Bangladesh Nationalist Party (BNP) chief Khaleda Zia is set to meet Prime Minister Narendra Modi on Sunday afternoon, signifying a shift in the main Bangladeshi opposition party's approach towards India.
The former Bangladesh prime minister, known for her strident anti-India posturing, welcomed Modi's visit and even thanked him for ratifying the 1974 Land Boundary Agreement which paved the way for swap of more than 160 enclaves between the two countries.
This marked a significant departure from her stand in 2010, when she accused her arch-rival, Prime Minister Sheikh Hasina, of "selling out to India" after Dhaka clinched its biggest ever trade deal with New Delhi.
The BNP leader also refrained from meeting President Pranab Mukherjee when he visited Bangladesh in March 2013. It was Mukherjee’s first visit to a foreign country after becoming President.
Even way back in the 1990s, during Sheikh Hasina’s first term as Prime Minister, Zia expressed strong reservations when the two countries signed a pact for sharing the waters of the Ganga and the Chittagong Hill Tracts Peace Treaty.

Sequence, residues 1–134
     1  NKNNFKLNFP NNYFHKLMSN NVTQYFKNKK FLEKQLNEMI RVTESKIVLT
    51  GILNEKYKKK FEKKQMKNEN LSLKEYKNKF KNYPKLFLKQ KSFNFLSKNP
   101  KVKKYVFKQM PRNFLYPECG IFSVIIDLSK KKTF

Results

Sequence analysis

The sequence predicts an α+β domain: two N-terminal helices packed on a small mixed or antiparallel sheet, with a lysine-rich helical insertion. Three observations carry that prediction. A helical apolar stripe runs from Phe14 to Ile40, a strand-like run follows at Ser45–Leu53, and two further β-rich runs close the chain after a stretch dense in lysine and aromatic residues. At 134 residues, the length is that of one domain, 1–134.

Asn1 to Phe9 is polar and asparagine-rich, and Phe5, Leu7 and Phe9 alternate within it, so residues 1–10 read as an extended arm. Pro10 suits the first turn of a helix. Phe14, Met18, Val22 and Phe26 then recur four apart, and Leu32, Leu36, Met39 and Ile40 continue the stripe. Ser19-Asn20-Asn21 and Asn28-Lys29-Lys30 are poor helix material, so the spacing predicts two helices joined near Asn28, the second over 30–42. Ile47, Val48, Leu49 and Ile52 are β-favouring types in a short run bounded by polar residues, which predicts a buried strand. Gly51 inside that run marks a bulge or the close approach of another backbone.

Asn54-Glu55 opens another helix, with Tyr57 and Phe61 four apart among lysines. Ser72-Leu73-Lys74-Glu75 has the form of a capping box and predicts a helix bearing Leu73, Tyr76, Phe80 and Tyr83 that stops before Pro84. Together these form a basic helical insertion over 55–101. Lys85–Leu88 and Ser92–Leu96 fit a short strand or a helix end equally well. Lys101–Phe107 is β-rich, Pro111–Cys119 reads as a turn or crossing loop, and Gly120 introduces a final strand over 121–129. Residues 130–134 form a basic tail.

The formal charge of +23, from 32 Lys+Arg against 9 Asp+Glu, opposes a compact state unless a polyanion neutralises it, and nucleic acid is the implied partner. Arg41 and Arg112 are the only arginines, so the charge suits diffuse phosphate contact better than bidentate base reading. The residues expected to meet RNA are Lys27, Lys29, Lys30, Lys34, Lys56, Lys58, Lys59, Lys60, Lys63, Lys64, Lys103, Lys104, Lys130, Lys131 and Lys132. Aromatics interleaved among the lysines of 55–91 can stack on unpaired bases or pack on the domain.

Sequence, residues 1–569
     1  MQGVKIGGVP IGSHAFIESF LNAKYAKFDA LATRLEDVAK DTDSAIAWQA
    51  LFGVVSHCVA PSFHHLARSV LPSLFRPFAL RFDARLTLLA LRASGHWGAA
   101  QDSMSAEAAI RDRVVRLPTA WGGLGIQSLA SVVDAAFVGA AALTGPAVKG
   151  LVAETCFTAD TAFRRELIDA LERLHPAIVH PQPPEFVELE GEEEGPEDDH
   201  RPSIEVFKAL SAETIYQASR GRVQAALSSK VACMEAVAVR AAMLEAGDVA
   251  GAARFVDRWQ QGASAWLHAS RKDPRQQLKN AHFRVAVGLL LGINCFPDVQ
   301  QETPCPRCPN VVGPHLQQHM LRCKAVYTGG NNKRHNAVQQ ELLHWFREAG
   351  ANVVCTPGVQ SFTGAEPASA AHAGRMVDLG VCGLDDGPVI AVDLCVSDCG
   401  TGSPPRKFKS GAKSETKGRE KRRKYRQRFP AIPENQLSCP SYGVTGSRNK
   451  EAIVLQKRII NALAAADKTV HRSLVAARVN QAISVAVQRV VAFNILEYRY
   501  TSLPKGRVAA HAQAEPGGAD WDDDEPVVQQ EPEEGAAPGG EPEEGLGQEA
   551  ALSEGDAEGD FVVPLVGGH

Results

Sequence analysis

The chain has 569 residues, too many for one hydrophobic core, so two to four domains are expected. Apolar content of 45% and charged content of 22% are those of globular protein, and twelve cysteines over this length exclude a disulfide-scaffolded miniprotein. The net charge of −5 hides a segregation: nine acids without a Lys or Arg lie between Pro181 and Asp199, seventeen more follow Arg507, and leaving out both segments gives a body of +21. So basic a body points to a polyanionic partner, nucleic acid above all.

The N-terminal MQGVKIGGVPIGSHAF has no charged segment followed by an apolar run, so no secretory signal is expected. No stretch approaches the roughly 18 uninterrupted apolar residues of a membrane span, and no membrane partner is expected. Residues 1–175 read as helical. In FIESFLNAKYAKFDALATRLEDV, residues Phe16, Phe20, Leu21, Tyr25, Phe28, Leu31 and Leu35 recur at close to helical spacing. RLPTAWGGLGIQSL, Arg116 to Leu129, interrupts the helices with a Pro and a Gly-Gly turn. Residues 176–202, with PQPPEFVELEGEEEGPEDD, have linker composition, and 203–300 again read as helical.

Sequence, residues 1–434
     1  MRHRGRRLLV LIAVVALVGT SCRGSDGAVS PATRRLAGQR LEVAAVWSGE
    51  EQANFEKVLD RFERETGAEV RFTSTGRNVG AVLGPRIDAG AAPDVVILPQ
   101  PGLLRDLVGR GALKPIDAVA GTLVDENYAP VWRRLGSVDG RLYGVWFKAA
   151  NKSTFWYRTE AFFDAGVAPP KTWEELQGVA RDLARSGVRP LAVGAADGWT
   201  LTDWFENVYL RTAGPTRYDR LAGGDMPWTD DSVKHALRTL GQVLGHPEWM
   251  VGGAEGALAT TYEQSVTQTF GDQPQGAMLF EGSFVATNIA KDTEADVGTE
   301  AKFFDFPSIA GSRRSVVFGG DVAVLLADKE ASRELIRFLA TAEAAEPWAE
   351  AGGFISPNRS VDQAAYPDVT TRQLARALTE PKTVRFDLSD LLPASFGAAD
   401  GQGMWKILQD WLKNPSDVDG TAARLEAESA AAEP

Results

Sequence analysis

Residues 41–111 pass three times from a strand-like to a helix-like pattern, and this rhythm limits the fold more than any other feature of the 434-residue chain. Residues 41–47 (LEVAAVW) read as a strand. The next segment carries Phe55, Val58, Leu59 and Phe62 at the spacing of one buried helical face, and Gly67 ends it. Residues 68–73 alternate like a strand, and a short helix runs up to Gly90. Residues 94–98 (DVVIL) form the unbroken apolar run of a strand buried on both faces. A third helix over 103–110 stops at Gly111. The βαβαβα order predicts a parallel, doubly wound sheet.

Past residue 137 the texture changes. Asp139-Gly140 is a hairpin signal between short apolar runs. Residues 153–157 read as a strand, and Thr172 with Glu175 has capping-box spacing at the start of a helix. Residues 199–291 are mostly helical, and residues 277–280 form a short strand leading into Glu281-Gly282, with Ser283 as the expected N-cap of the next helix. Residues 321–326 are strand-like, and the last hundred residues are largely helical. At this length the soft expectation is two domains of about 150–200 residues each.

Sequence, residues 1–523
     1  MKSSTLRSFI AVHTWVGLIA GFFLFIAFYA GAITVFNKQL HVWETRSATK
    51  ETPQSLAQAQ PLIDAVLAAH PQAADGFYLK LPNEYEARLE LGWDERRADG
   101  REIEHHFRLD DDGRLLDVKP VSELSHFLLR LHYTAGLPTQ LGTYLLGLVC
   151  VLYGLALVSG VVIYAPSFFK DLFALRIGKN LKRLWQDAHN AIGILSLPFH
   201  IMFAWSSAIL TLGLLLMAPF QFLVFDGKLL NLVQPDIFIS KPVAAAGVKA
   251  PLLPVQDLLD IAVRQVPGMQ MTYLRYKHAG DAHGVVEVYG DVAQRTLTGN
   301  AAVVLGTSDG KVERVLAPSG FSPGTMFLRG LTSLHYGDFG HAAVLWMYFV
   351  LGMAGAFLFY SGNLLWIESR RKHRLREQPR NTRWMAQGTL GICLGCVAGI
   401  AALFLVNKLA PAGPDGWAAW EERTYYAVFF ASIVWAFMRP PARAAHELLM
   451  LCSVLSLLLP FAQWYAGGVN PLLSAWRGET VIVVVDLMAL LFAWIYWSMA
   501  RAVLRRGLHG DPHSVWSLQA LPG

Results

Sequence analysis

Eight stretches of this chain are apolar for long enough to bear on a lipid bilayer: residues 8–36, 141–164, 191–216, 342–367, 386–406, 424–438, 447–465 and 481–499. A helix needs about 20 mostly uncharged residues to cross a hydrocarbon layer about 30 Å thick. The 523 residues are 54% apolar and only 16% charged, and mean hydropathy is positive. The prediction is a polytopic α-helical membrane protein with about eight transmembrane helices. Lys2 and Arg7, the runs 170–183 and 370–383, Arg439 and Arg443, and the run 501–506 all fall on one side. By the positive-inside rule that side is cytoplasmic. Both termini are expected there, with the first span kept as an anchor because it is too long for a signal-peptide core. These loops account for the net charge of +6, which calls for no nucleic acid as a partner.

When Zia, the widow of President Ziaur Rahman, was the Prime Minister, there was little or no cooperation between the two countries on the crucial issue of security and border management. There were also allegations that her regime turned a blind eye to or tacitly backed militants from India’s northeastern states who were sheltering in Bangladesh.
When Hasina became Prime Minister she addressed India's concerns “steadfastly", as foreign secretary S Jaishankar put it, leading to a remarkable improvement in bilateral ties.
Before leaving for New Delhi, Modi will also meet Leader of Opposition Raushan Ershad of the Jatiya Party and representatives of the Communist Party of Bangladesh.